What are the benefits of using collagen in the patch?

Collagen is the most abundant protein of the human body. This protein highly supports cell viability, proliferation, and function. It is a biodegradable protein which is a major advantage for in vivo applications, facilitating timely integration of the implant with the host tissue and avoiding long-term immunogenic complications. For our 3D bioprinting works, we use gelatin methacrylate (gelMA). Gelatin is derived from collagen (a hydrolyzed collagen) and offers similar advantages. The main advantages of gelMA for bioprinting of cardiac patches include: acceptable compatibility with cardiac cells (cardiomyocytes), tunable biomimetic mechanical properties (stiffness), controllable degradation rate, and of course, great printability (rheology properties).   

The collagen gel used to develop the 3D printed patch. (Photo by Rob Felt, Georgia Institute of Technology)

What percentage of heart disease patients will benefit from this device?

This therapy is designed for a specific group of heart attack patients, approximately one third of patients who either arrive too late to the clinics or are resistant to current catheter-based reperfusion methods and pharmacologic therapies.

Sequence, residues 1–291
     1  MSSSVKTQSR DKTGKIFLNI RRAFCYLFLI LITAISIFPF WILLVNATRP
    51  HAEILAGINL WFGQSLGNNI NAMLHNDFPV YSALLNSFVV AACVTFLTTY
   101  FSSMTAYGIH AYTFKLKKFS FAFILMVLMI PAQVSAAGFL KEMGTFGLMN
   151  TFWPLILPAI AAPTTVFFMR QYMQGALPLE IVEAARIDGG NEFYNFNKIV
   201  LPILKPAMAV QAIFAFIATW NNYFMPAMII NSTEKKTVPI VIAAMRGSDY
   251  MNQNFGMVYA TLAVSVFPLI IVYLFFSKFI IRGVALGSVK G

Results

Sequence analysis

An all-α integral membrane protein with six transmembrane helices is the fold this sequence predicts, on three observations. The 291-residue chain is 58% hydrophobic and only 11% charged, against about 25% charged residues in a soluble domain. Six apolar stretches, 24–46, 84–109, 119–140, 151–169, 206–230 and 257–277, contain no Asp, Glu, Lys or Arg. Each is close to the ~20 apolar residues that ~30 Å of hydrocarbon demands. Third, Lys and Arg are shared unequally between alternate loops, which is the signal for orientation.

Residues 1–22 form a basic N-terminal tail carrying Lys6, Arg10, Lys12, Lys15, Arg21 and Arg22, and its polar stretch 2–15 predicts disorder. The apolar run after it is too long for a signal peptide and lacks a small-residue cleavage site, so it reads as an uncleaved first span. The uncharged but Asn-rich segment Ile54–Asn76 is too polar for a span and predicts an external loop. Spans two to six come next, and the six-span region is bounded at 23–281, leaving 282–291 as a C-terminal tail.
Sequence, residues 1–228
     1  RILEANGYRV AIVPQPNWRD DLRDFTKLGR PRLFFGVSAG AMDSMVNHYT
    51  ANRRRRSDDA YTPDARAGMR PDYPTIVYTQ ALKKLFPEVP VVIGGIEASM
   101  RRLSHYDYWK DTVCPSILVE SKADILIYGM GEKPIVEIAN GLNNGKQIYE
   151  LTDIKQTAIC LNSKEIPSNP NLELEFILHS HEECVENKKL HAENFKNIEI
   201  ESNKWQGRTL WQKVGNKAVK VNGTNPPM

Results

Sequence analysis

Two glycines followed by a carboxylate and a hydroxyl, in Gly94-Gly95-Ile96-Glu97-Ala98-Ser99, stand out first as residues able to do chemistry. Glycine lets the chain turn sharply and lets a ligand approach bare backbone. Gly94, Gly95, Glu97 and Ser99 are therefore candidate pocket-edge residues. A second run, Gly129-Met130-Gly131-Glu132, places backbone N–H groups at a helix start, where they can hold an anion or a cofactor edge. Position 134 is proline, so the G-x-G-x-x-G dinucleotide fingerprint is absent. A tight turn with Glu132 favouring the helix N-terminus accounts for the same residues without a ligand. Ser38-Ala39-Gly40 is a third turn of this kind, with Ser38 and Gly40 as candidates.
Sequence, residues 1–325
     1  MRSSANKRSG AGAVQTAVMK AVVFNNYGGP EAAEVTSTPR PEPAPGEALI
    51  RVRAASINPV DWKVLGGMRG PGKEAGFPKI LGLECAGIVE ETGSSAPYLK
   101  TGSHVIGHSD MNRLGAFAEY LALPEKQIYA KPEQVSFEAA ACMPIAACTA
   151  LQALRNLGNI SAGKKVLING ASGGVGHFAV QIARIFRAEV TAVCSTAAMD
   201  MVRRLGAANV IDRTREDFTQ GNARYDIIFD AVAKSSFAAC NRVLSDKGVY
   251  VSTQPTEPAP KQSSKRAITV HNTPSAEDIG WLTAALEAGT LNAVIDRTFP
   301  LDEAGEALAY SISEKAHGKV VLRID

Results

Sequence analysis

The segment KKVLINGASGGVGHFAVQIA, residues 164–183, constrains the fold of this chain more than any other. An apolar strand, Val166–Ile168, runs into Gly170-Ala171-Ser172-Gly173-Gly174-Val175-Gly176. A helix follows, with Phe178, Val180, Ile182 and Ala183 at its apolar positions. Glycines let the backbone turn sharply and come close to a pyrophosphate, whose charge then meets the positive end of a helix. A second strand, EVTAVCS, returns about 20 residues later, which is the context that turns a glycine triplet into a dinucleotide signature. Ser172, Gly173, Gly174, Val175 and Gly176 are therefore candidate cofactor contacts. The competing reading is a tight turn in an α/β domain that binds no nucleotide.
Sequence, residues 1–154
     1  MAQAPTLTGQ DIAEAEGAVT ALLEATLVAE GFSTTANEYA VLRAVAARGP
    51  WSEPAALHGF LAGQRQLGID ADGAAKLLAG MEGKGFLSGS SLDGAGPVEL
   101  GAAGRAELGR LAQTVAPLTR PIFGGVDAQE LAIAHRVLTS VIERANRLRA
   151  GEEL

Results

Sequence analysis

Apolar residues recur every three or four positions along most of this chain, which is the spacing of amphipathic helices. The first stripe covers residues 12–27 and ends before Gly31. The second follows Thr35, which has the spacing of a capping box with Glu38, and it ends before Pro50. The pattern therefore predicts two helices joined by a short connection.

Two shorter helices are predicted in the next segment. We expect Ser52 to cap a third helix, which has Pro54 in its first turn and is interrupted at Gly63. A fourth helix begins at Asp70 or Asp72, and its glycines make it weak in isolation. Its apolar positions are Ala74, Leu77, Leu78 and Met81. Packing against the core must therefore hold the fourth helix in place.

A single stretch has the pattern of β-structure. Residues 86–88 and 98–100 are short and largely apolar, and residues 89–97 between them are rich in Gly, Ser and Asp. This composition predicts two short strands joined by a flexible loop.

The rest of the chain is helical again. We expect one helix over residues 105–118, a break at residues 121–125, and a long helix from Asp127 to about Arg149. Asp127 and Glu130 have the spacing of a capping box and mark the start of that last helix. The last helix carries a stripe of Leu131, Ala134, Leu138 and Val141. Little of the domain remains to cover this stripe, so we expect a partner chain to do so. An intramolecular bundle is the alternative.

If approved, Dr. Serpooshan’s patch could help over 200,000 patients per year.

Share this Article

Recent News

Eaton Vehicle Group Launches Automotive Metal 3D Printing Program

3D Printed LED Domes Shed Light on Scientific Research


3D Design

3D Printed Art

3D Printed Food

3D Printed Guns

You May Also Like

4-Axis 3D Printing Enables Tubular Implants with Controllable Mechanical Properties

Disease and other trauma can cause hollow, tubular human tissues, like the trachea, intestine, bone, and blood vessels, to be negatively affected by long-segmental defects. Autologous grafts can help fix...

Off to the Races: Stratasys and Team Penske Renew 3D Printing Motorsports Partnership

Back in 2017, 3D printing leader Stratasys and Team Penske—a top INDYCAR, NASCAR , and IMSA SportsCar racing team—formed a multi-year technical partnership in order to give all of the...

Modular Heat Exchanger Made via 3D Printed Molds

You may recognize the name Brett Turnage from the amazingly detailed 3D printed RC cars and motorcycles he makes. But Turnage, founder of BTI LLC, has moved up and is...

Microwave Electronic Circuits Made via Low-Cost 3D Printer & Plastic Filament

In the electronics industry, 3D printing has been used to fabricate sensors, stretchable electronics, and conformal electronics, and to make waveguide devices and antennas for microwave devices. That’s because the...


View our broad assortment of in house and third party products.